Of course in reality neither party had any intention of stopping short of outright victory and the internal conflict would rage brutally for a further four years before Chiang eventually realised that his days were numbered and he escaped across the Strait where he would rule until his death in 1975.

There will come a time when the historical enmity between the PRC and ROC will explode again and it is likely to involve America when it does. At the moment the relationship is as strong as it is ever going to be, Ma’s efforts over the course of his presidency ensuring temporary peace even if it is at the expense of his people’s honour.

Make no mistake, though. The PRC views Taiwan as part of its territory and will ultimately be prepared to use force to secure this economically-vibrant island. When its leaders choose their moment, America will have a choice whether to enforce its traditional commitment to Taiwanese territorial integrity or allow a scenario similar to the one that resulted in Russia annexing Crimea from Ukraine last year.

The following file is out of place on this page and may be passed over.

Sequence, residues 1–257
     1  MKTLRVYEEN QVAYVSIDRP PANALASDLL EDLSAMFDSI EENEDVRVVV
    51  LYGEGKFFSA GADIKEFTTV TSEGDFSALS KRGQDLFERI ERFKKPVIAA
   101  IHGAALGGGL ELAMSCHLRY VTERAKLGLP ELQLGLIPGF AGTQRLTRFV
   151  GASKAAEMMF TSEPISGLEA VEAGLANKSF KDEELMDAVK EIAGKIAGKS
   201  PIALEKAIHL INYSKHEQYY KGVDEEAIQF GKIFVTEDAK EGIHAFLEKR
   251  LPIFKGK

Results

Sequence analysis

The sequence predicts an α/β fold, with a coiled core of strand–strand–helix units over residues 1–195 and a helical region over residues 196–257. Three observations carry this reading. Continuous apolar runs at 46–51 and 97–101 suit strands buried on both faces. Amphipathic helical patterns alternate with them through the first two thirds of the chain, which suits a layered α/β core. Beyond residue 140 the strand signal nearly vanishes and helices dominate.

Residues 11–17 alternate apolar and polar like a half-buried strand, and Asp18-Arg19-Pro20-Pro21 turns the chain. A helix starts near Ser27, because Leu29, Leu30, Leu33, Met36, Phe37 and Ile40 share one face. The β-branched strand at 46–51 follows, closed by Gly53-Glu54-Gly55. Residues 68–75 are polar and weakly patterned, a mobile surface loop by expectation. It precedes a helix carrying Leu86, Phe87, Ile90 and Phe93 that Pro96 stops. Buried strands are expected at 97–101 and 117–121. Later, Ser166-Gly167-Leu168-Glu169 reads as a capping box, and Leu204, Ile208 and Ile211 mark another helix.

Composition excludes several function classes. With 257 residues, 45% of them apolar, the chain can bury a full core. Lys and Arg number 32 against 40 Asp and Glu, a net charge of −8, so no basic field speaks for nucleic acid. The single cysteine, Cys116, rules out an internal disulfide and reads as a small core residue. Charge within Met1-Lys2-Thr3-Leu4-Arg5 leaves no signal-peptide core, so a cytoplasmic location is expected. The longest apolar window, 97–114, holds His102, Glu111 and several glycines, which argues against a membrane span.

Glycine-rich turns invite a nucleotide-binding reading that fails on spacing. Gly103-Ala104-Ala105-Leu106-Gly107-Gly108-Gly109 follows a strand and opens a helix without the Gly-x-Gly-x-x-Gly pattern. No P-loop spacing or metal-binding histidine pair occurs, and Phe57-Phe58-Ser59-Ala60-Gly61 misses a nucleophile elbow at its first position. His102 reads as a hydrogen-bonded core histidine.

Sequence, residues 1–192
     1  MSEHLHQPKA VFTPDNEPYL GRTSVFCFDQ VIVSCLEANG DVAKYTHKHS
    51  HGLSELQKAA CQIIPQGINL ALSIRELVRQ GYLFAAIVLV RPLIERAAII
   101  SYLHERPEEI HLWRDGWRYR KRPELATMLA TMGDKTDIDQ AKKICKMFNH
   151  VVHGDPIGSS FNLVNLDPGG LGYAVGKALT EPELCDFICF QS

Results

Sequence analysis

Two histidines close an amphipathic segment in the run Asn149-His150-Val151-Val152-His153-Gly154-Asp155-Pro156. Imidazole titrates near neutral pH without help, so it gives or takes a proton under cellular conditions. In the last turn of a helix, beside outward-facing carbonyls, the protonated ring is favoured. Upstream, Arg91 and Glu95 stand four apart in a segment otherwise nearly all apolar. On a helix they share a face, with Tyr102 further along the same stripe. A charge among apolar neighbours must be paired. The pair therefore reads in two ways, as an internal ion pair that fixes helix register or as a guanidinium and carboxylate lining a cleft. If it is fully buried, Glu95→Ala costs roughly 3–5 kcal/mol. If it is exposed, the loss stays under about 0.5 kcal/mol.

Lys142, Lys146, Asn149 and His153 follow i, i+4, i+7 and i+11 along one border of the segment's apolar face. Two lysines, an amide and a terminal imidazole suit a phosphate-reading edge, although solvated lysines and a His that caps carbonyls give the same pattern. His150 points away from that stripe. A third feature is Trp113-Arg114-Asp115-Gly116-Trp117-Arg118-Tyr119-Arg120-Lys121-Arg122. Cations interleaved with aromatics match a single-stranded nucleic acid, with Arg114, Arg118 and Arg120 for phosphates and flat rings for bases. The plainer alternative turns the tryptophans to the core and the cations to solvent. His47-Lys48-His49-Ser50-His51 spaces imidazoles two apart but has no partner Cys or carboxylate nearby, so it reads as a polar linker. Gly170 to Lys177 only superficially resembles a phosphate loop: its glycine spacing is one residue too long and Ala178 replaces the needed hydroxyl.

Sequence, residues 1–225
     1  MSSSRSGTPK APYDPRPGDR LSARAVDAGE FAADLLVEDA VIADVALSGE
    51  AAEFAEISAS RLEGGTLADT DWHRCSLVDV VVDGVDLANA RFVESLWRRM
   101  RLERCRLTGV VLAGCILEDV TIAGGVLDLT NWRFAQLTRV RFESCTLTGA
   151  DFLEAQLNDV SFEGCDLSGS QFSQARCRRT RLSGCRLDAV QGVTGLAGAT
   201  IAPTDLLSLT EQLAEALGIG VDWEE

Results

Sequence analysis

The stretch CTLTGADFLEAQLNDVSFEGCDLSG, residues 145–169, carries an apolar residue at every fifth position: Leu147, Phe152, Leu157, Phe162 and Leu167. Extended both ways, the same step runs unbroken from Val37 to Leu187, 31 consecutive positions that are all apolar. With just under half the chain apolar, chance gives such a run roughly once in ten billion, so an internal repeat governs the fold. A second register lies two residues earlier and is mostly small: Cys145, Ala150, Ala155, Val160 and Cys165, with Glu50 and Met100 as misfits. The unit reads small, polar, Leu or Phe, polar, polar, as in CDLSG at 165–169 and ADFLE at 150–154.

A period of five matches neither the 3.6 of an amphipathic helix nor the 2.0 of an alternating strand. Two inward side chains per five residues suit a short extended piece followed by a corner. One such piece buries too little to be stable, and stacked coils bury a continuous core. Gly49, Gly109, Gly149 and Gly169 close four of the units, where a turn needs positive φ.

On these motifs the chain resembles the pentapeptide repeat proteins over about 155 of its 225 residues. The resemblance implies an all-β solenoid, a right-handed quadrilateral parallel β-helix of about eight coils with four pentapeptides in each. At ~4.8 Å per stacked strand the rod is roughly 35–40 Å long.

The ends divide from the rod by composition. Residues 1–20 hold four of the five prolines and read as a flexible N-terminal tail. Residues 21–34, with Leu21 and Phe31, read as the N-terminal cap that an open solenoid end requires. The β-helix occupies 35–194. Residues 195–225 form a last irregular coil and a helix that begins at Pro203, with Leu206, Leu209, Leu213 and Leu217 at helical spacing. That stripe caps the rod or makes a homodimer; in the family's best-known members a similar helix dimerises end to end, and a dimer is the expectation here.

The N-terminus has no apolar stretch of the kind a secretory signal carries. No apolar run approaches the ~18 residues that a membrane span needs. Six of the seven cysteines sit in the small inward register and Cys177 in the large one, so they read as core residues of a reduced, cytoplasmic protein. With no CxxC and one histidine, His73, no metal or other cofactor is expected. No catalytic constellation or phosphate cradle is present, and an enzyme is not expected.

Xi and Ma posed for the cameras, as Mao and Chiang did back in 1945. As with their predecessors, today’s leaders know that the status quo will not last forever.

China and Taiwan Enter New Era of Relations: American vigilance remains crucial for security

It was an historic day for the Chinese people; the People’s Republic (China) and the Republic (Taiwan) held high-level official talks for the first time since the Civil War ended in 1949. At the war’s conclusion, the defeated Nationalist forces of Chiang Kai-Shek fled the mainland for Taiwan where a rival government to that of Mao Tse-Tung’s communists in Beijing was established. Both sides have claimed to be the legitimate political representatives of the Chinese since, although it is the PRC that is internationally recognised.